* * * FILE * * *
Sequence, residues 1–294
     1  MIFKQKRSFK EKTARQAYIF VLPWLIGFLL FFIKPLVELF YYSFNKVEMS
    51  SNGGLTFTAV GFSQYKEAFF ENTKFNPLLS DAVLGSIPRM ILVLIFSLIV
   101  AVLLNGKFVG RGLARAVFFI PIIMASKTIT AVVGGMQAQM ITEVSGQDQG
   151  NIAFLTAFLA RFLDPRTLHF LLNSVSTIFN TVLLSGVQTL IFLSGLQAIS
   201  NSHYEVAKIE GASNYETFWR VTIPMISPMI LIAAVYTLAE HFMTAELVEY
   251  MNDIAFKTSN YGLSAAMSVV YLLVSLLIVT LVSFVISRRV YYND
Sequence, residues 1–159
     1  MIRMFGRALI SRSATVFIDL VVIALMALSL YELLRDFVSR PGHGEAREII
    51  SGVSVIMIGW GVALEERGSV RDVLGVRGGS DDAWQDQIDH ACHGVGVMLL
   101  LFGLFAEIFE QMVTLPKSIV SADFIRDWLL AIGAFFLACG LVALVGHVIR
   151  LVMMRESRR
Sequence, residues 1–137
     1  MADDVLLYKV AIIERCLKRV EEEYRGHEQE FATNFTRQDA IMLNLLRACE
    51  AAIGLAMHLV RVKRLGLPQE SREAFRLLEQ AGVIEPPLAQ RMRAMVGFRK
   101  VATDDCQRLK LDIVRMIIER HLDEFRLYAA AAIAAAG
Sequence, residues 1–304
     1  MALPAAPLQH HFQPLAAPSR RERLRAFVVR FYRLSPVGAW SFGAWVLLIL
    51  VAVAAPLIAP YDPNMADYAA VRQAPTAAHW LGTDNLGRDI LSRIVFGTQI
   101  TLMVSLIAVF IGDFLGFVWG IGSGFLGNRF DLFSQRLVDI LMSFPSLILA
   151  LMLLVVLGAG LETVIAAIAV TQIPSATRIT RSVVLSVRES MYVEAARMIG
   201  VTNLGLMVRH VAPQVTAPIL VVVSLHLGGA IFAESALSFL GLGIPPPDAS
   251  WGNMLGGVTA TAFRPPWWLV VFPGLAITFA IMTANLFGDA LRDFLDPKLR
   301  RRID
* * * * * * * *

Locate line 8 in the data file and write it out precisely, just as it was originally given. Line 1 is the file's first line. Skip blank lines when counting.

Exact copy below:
Sequence, residues 1–159